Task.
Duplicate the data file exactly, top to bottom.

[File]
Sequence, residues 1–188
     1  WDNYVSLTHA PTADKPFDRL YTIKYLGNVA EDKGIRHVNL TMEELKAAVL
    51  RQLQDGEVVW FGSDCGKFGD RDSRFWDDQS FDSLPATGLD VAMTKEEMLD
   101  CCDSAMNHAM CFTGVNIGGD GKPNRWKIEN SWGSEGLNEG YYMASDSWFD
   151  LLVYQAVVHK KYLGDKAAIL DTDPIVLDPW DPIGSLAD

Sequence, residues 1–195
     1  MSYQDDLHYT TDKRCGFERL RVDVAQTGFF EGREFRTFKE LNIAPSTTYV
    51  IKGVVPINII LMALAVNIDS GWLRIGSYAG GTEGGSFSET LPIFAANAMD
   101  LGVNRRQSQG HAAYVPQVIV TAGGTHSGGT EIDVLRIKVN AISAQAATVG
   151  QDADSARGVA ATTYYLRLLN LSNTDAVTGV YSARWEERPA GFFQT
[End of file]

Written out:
Sequence, residues 1–188
     1  WDNYVSLTHA PTADKPFDRL YTIKYLGNVA EDKGIRHVNL TMEELKAAVL
    51  RQLQDGEVVW FGSDCGKFGD RDSRFWDDQS FDSLPATGLD VAMTKEEMLD
   101  CCDSAMNHAM CFTGVNIGGD GKPNRWKIEN SWGSEGLNEG YYMASDSWFD
   151  LLVYQAVVHK KYLGDKAAIL DTDPIVLDPW DPIGSLAD

Sequence, residues 1–195
     1  MSYQDDLHYT TDKRCGFERL RVDVAQTGFF EGREFRTFKE LNIAPSTTYV
    51  IKGVVPINII LMALAVNIDS GWLRIGSYAG GTEGGSFSET LPIFAANAMD
   101  LGVNRRQSQG HAAYVPQVIV TAGGTHSGGT EIDVLRIKVN AISAQAATVG
   151  QDADSARGVA ATTYYLRLLN LSNTDAVTGV YSARWEERPA GFFQT